10. The mailboxes currently are located in at least their third position, in the middle of the disputed strip on the locus in front of the utility pole; the Joneses moved the mailboxes to this, their current position, because the mail was not being delivered when the boxes were located at their preceding position at around the property boundary between 216 and 216B Belanger. The mailboxes have been in their current location for well less than twenty years before this case began in 2010.

11. Local residents over the years often parked in the immediate vicinity of the parties’ properties, particularly when those residents came there to access the pond. Although the evidence on this point is not robust, and I need not resolve the point to decide the issues tried, it appears that on or in the vicinity of the registration locus, likely over the so-called right of way parcel, there were some manner of rights given to neighborhood lot owners to pass from the street down to the pond. For this reason at least, the area at the street around the locus at times was used for overflow parking by some residents to access the pond from, I find, 1973 to 1978, and again from 1980 to 1983. This parking, by neighbors seeking to use the pond, primarily took place on the weekends during the summer months. Some of the cars parking for this purpose parked briefly not only on the street itself, but on one part or another of the disputed strip within the registration locus. This parking was by neighbors and residents of the area other than the Joneses and their predecessor owners of 216 Belanger. The Joneses, who have at all relevant times resided right next door to the locus at 216 Belanger, had no need to drive to this part of the neighborhood to be able to get to the pond.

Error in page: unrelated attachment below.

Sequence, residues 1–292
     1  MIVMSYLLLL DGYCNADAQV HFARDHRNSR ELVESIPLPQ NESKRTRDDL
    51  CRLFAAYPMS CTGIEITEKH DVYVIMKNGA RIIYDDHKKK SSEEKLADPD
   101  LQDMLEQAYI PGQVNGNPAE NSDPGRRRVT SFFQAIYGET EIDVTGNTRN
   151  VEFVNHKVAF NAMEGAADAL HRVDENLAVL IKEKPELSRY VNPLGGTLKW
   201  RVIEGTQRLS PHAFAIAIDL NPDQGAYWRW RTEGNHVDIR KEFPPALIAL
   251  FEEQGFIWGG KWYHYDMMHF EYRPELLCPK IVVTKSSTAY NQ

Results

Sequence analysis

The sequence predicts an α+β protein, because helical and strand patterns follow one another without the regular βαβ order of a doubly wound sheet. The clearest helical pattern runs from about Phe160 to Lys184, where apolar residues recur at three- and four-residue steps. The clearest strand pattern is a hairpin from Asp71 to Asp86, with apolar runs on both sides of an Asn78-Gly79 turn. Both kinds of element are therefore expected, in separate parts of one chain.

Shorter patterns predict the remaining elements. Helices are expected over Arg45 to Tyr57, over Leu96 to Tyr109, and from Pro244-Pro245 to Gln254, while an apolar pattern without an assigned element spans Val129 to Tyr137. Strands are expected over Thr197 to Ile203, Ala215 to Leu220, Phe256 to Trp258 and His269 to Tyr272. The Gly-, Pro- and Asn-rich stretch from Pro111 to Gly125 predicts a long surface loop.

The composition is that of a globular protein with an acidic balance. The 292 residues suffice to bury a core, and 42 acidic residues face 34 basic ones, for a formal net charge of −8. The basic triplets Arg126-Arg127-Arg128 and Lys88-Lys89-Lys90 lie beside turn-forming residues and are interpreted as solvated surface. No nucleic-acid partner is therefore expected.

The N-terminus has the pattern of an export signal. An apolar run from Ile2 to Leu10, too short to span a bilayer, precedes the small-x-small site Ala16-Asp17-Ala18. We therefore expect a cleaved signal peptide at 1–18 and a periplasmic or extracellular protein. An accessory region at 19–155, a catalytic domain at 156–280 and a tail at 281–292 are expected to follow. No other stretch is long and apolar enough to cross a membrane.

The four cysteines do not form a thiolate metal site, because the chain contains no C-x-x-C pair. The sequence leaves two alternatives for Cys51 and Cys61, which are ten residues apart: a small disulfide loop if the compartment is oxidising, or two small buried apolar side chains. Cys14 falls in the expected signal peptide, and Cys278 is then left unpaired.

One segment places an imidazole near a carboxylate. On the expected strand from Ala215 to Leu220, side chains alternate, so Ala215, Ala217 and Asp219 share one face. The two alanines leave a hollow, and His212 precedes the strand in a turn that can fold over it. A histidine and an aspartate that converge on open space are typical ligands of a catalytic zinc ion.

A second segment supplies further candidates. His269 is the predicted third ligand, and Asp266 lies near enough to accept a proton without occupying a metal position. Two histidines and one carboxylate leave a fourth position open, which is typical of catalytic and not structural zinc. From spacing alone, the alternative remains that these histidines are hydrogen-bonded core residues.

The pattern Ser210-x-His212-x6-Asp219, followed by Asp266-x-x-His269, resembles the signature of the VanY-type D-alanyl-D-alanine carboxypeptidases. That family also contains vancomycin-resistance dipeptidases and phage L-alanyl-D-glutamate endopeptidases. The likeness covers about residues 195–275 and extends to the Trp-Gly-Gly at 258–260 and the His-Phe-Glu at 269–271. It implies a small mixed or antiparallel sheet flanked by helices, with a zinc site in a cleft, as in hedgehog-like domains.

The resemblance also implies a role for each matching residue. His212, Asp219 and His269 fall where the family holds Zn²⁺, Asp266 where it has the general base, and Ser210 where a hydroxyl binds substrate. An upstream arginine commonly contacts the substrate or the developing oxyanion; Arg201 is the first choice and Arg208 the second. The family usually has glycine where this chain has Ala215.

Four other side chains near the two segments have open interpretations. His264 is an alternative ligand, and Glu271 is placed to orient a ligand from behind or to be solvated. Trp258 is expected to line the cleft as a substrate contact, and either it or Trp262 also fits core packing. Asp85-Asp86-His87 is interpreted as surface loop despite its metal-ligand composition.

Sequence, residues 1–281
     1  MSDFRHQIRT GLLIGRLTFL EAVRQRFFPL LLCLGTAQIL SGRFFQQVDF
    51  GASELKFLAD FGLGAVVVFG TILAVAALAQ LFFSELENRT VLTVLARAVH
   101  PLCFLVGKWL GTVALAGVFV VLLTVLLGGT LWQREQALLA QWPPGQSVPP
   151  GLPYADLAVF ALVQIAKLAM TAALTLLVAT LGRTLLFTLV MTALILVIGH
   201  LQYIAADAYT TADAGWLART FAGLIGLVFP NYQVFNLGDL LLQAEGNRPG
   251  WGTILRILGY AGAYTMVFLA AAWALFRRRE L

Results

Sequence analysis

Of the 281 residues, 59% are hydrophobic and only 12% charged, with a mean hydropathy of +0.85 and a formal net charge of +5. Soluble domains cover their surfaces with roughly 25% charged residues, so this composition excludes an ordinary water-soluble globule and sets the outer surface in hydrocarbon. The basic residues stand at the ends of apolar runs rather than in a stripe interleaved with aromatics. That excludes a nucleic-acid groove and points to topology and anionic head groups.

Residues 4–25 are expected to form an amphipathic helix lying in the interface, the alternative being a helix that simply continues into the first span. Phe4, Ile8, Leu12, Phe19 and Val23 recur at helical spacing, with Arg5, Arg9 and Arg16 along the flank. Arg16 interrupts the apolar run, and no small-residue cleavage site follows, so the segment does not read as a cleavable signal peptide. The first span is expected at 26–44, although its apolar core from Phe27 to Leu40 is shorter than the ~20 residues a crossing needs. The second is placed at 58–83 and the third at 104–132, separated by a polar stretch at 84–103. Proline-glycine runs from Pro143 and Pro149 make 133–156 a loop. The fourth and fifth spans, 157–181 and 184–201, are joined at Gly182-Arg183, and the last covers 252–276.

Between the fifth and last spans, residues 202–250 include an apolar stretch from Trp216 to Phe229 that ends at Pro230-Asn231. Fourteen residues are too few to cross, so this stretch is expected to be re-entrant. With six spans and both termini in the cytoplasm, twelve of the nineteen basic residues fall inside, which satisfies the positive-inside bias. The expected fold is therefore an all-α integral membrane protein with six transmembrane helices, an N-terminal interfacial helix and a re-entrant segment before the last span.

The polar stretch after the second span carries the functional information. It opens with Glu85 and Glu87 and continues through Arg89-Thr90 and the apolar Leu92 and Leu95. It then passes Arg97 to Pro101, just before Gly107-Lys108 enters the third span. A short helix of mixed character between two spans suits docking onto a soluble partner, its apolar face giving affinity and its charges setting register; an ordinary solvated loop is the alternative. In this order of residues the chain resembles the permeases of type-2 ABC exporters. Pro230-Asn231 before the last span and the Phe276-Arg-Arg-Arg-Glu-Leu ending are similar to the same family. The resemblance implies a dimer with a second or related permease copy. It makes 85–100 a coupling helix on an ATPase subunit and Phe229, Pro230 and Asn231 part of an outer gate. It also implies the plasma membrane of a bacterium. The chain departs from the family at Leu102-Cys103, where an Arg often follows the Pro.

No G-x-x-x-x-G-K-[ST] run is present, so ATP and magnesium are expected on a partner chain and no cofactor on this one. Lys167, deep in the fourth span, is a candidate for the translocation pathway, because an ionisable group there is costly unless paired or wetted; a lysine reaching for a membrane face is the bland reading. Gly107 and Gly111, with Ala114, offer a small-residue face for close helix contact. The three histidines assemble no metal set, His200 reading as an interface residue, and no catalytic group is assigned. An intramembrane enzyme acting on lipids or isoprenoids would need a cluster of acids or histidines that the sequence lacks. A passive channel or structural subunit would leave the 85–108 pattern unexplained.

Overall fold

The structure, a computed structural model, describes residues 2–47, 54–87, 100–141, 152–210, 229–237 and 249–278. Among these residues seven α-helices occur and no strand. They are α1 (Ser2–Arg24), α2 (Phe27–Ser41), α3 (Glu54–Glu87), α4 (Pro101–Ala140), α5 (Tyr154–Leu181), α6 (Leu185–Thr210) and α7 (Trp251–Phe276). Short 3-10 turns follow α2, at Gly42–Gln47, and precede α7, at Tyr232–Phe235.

12. Mr. Card has lived in the neighborhood, at 210 Belanger Road, since 1978, and had noticed that cars would park on Belanger Road around the locus. He specifically stated that Ms. Lasonde, the previous owner of the defendants' home, would park at times on the locus. While this certainly at times may have happened, I do not find that it happened regularly, frequently, or with any open and obvious persistence.

13. Ms. Walker noticed cars parking around the locus beginning in 1973. She made some observations, which I credit in a general way, that the disputed strip on the registration locus was used occasionally to accommodate overflow parking during periods of high usage of the pond, on weekends in the summer. Ms. Walker did not provide any specific information which I credit as to when the locus itself was used for parking in this manner, how often, or by whom. She is unaware who owned the defendants' house before Ms. Jones acquired title in 1983.